Aw yeah boys and girls, 2019 is the year were the Venezuelan government turns the tide. This is going to be the year of our definitive economic recovery! Our Worker-President, Driver of Victories, and Son of Chavez said so!
At last, after a decade riddled with so many calamities (with the past six being a complete nightmare) our Worker-President guarantees us us that this is it, this is going to be the year where we—hold on, wait a minute. I have a strange feeling.
Déjà vu? I’ve just been in this place before, higher on the street, and I know it’s my time to go…
Maybe it’s just me overthinking stuff, I don’t know…
Could it be that…no…impossible…
Yeah, I’m noticing a pattern here…
Ah come on now…
New year, same old promises.
For what it’s worth, people are slowly realizing the fact that we get fed the same headlines every year, and every year has been worse than the one before. But in any case, will this year be the year? Will Maduro do in 2019 what he has been promising (and failing to do) for the past six years? Will this be the year of our recovery? Hah! No.
Only fourteen days into 2019 and we already got slammed with yet another minimum wage raise—a 300% increase this time. From 4,500 Sovereign Bolivares (450,000,000) to 18,000 (1,800,000,000) per month. This raise stems from the fact that our monthly minimum wage is anchored to the Petro cryptocurrency, which has been raised in price by the government. (Yes, you can’t mine this crypto and they determine its value; that’s totally how a crypto should work, right?)
These raises are now part of a Venezuelan’s unending torment; every two to three months you feel the collective anguish and despair that these minimum wage raises incur because you just know what comes with them—they’re just gasoline being poured onto an inextinguishable fire. It’s gotten so bad that the government is subtly pushing the narrative that these constant raises have no influence on our hyperinflation.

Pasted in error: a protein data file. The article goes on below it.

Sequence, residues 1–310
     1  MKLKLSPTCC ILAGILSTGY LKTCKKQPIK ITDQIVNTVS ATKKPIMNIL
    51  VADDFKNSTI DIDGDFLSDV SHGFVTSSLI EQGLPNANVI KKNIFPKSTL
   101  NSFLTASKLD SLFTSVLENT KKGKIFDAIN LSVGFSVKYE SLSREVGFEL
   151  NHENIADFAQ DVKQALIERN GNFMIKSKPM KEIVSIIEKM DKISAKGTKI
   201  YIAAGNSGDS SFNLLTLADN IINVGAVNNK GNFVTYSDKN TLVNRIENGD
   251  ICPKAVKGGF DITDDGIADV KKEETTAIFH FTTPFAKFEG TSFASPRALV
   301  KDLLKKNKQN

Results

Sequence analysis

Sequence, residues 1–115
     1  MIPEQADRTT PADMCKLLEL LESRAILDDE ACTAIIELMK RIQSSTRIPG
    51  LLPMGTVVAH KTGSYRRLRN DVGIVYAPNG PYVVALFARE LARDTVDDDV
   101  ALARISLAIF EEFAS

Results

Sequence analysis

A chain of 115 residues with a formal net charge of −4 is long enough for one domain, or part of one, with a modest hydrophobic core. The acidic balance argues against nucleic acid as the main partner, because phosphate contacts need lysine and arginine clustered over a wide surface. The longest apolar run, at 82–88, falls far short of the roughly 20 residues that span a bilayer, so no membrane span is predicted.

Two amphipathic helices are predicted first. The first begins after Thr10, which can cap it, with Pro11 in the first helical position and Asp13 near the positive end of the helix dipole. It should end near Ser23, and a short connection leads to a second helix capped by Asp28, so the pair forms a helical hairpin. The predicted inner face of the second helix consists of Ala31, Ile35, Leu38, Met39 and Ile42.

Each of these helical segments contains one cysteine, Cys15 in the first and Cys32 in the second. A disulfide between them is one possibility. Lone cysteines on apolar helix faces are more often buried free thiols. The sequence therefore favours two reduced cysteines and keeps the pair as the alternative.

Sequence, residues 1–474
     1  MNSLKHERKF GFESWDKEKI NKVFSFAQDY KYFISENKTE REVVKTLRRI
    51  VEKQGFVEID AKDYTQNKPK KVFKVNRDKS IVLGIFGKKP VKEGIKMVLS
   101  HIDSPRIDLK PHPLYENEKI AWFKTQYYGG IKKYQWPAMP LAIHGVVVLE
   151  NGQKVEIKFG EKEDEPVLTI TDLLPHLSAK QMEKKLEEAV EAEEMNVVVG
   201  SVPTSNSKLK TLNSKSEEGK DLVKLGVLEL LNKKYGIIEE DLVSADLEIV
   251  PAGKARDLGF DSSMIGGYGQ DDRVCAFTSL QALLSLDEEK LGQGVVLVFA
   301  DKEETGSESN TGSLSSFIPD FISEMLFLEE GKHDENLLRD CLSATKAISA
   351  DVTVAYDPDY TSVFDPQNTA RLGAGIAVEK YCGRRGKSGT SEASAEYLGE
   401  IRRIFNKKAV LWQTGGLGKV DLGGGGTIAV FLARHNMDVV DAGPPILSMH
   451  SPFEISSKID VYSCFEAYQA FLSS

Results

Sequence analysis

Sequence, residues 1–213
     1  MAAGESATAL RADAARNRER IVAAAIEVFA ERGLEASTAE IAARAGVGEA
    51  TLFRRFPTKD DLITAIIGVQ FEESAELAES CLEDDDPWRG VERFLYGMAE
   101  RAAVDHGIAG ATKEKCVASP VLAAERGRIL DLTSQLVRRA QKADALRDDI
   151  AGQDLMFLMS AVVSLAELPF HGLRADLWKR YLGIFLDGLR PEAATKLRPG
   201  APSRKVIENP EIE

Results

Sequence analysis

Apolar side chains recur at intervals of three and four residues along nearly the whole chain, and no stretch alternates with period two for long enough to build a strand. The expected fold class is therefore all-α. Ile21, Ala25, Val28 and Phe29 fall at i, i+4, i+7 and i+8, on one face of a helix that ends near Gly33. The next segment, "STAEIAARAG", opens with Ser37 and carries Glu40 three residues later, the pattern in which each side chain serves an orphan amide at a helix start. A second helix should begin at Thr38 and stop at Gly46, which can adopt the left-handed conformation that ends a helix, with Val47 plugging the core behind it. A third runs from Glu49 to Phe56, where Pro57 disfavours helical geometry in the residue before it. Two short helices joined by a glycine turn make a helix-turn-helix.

As soon as a minimum wage raise is announced everyone (myself included) flocks to their nearest supermarkets in an attempt to stock on whatever you can before the inevitable increases in prices. Yesterday, I went to grab some groceries; conceptualize my lack of amazement when most of the price tags were being removed and/or replaced. The cheese my brother loves so much has already doubled in price in just a week.
Six years of economic recovery plans, each with their own names and adjectives, and yet, they’re all essentially the same thing (and thus, have accrued the same disastrous results) but nope, the government continues to brute force the same tactics over and over and over again.
Rest in Peace, Sovereign Bolivar
Oh, Sovereign Bolivar, you had a good run—wait I can’t even finish this sentence with a straight face, let alone concoct a joke about it, this is kinda depressing. I was planning to at least wait for its sixth month to talk about it but well.
Our shinning new currency didn’t even made it that far before it was obliterated by hyperinflation; hell, it didn’t even made it out of 2018 alive.
For all intents and purposes, this new currency, hailed as the spearhead of our 2018 economic recovery plan is dead, it’s done for, poof, it’s dust. For those that need a refresher, Sovereign Bolivares are just the same thing but with five fewer zeroes (down to the banknotes just being recolors of the previous Bolivar Fuerte series).
Paper cash shortages are back in full force. There was never enough pieces of Sovereign notes to go around in the first place. The lower end of these notes (Bs.2, 5, 10, 20) have lost any sort of practical use (to the point that public transport has starting to stop receiving them because they see it as nothing but a nuisance).
Here we are, five months since their introduction and most of the Sovereign family is dead. The Bs.50 and 100 notes are barely hanging by a thread. The two new coins? I never got to see them, their purchasing power didn’t even lasted a week. Most banks only allow you to withdraw around 3,000 in cash (if you’re lucky), however 3,000 isn’t enough to buy a lunch these days.
Debit card and wire transfers continue to be the driving force of our monetary transactions. Credit card limits are severely behind the curve now, the average credit card limit is around Bs.S.500 ($0.16), this however, is allegedly posed to change within the next days.
If the new limits are relatively acceptable then credit cards could once again be the premier (and sometimes a hyperinflation life vest) choice for paying for stuff, since by the time you’re finished off paying the debt those bolivares are worth exponentially less.
In short, the 2018 economic plan was yet another dud in a series of failed iterations of the same economic malpraxis (to no one’s surprise). When the Sovereign notes were launched on August 2018 our minimum wage was set at Bs.S.1,800 per month, at the time this was equal to approximately $30.00, today, our new minimum wage (ten times the amount) is only worth a fifth of that, and it only took five months in order to achieve such a feat.
Requiescat in pace, Bolivar Soberano.
If there was any doubt that 2019 would be any different for Venezuela well, nope, business as usual I guess. Wake up and smell the ashes. But hey, I’m pretty sure that 2020 will be the year of our economic recovery—and the year of the Linux desktop as well!